In Leipzig the players bumped elbows and grinned like this was all a little bit silly. In Dortmund Erling Haaland scored the first goal of football’s plague times and stood by the corner flag with his teammates around him in a celebratory pastiche of social distancing, a strangely haunting image that will, you suspect, be recycled many times.
Welcome to the new abnormal normal. Which is, needless to say, a fairly strange place to be. And yet for all the oddity of its staging, something did seem to shift over the 90 minutes of Borussia Dortmund’s 4-0 defeat of Schalke at Signal Iduna Park, one of six comeback fixtures to take place in the Bundesliga, two months since football – and that rather less urgent entity, the world – went into standby mode.
There was encouragement here for the industry. By the end it wasn’t too hard to see how televised football might re-emerge as a functioning entity. No spitting. No hugging. No fans. No noise beyond the constant muffled echo of managerial shrieking, like the sound of somebody being water-boarded in the flat upstairs.
But still, it worked after a fashion. There were early moments of double-take. No doubt the sight of players arriving in protective gear on sparsely occupied buses will become commonplace in time.
There was the deeply weird sight of the masked subs spread in a line in their large leather touchline seats, a row of ejected fighter pilots. Both sets of players grinned and shrugged as they warmed up in front of empty stands. At one point Haaland burst out laughing.
Signal Iduna Park was a poignant venue in this respect, a ground that is as much as any in Europe an emblem of the importance of here and now and being present. This is an unshowy footballing giant, lodged in the leafy flatlands of the Ruhr and circled by low-lying industrial hubs. On match days the walkways are crammed with sausage stalls and beer taps. This is the essence of Dortmund, the place where the club’s heart is located. They had 81,365 in here for the last home game, in February. The contrast in the opening seconds was stark. Why are we actually playing, you kept wondering as the ball was passed around with a forced sense of urgency and Dortmund in particular seemed to be playing through a laudanum haze.
There is, of course, a note of weirdness in the basic idea of football as our first shared step to normality. There’s a famous Dave Chapelle joke about MTV broadcasting the views of the rapper Ja Rule shortly after the Word Trade Centre was taken down. As Chapelle points out: “I want some answers that Ja Rule might not have right now.” Perhaps there are those among us who felt all along that one day Steve McManaman would be the voice to guide our first tentative steps out of a global pandemic. But then football was always likely to jostle its way to the front of this queue, to plonk its tankard down on the bar for first helpings.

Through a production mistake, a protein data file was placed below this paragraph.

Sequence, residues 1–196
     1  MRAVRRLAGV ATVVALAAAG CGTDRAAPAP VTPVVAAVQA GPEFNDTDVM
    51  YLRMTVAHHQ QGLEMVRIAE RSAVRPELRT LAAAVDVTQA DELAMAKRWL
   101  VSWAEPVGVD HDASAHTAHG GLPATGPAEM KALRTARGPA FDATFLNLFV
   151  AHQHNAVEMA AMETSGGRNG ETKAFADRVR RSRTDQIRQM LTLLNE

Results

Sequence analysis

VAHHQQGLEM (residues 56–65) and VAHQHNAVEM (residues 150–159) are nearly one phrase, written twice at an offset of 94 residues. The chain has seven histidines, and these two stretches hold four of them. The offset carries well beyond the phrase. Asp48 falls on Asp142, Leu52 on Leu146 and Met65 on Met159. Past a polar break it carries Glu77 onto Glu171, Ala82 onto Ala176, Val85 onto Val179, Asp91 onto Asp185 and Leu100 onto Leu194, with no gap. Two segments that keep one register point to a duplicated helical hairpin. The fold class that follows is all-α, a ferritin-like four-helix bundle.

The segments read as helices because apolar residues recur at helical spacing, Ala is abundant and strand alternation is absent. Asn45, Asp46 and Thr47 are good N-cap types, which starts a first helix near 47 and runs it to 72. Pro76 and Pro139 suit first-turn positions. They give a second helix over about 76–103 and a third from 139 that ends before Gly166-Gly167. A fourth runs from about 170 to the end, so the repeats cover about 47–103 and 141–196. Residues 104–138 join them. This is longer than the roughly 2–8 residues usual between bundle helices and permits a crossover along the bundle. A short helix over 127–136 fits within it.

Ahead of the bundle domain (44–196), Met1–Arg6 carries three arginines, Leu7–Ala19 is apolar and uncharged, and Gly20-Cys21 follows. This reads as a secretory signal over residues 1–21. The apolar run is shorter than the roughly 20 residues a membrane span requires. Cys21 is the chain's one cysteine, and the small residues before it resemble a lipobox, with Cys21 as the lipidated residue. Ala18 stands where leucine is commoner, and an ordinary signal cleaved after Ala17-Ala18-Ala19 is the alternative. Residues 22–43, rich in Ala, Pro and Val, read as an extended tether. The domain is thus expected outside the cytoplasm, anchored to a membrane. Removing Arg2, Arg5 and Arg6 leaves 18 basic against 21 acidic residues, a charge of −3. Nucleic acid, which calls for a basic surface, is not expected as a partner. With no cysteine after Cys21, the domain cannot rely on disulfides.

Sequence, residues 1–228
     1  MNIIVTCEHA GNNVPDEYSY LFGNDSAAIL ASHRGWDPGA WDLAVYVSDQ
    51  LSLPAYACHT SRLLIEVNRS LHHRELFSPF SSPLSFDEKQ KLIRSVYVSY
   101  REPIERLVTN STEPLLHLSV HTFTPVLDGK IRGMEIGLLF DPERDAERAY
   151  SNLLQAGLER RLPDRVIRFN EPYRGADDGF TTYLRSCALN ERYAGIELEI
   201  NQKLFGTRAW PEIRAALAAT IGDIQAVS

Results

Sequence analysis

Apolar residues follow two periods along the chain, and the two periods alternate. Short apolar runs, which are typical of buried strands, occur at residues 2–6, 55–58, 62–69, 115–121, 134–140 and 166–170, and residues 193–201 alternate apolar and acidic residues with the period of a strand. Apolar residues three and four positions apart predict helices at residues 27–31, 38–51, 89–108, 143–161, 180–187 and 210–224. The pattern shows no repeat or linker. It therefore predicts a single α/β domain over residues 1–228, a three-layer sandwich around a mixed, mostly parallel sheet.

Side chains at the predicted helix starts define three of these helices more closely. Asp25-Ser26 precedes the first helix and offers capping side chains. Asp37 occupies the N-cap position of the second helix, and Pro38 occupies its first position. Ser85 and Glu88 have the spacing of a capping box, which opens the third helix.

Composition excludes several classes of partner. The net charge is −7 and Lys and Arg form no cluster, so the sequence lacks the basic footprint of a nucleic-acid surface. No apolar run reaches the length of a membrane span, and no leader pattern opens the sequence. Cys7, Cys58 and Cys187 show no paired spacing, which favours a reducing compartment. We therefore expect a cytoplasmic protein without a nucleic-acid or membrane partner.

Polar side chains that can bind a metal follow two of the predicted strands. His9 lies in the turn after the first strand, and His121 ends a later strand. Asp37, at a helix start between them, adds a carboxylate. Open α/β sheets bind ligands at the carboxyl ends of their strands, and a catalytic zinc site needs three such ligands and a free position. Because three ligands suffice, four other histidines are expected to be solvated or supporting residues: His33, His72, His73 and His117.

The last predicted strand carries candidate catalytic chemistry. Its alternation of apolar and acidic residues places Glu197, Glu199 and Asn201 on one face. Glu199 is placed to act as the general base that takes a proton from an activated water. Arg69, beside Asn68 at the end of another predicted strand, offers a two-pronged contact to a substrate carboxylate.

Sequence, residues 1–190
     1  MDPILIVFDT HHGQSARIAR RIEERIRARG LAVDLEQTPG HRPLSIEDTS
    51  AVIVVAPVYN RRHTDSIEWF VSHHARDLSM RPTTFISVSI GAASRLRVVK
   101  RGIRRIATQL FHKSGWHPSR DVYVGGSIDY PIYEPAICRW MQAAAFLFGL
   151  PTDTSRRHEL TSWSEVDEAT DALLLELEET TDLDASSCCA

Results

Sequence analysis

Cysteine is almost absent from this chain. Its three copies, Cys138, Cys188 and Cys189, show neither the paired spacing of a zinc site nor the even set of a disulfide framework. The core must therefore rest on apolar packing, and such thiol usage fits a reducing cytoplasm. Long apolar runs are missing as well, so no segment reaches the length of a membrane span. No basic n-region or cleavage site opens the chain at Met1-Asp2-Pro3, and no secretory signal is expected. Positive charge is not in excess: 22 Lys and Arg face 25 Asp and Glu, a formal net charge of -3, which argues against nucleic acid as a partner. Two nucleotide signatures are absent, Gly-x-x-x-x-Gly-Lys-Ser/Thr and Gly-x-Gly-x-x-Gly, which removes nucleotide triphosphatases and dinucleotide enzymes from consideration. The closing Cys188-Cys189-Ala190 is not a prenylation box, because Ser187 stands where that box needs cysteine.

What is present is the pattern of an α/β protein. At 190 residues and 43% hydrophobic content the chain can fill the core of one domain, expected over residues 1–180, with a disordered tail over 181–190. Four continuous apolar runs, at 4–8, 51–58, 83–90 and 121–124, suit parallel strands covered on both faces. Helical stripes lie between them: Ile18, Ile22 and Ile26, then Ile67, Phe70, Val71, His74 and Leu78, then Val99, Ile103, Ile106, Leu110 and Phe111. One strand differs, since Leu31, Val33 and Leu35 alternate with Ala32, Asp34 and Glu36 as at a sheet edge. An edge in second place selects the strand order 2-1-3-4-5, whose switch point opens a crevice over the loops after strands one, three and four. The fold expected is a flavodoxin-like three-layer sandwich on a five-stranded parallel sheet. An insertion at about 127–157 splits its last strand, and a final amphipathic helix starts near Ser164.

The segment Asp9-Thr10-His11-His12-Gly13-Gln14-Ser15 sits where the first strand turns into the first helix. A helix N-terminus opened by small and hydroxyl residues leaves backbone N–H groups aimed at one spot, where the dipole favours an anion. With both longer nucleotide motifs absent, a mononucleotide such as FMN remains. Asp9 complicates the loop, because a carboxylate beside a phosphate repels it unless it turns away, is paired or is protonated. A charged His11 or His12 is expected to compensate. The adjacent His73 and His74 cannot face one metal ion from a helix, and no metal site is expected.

And it must be said BT Sport’s pared-back team did a fine job with a deeply odd occasion. James Richardson, ruggedly nautical in greying lockdown beard, looked absolutely delighted to be anchoring the show. His chief pundit Rafael Honigstein’s usual air of ironic distances was only enhanced by the vast expanse of desk between them.
On commentary Paul Dempsey worked hard, and successfully, to bridge the oddity on the pitch, although it was touch and go at first. The ball was passed in silence. There was a foul and nobody howled or screamed. Was this the promised end, the final word on football as metaphor for the emptiness of modern life , the futility of consumer culture? Perhaps not.
Steadily the day began to move, the old muscle memory kicking in. Football began to happen.
Changes will no doubt be made. The games will need something to cover the empty seats and also some kind of soundtrack. Not music, that would be awful. Perhaps just a kind of monotone noise-cancelling drone that blocks out all sense of sound from your brain. Is Mark Lawrenson even available?
Haaland scored with 29 minutes gone, the absence of a crowd offering the bonus of a lovely “ching” noise as the ball hit the pole in the side of the net. And Dortmund ran the rest of the game. The final minutes were a kind of zombie game, played out by some tired athletes on both sides.
No matter, though. The key elements are back. Television schedules will be filled. The rolling advert boards are fired up once more. Evonik’s pitch-side awning is visible to the world, for all the good it’s going to do them. And no doubt the Premier League, fearful of losing market share, will now look to accelerate its own return.
Before then it must be said that Germany has earned this, has earned the right to be first, to stand alone, crowd-less, staging football. The Bundesliga isn’t declaring this health crisis to be over. It is instead declaring its own government’s relative competence in the early months of this crisis, the mass testing that means football’s own demands – testing through the whole process for all players and officials – makes it part of the wider culture rather than a special case.
In Britain the approach has been woollier, to the extent the Premier League would be a most unwelcome guest in the middle of this loss of control. For now, though, we can at least see a way back: quieter, a little odd in its rules – no celebrations, plenty of shirt grabbing – but thoroughly welcome all the same.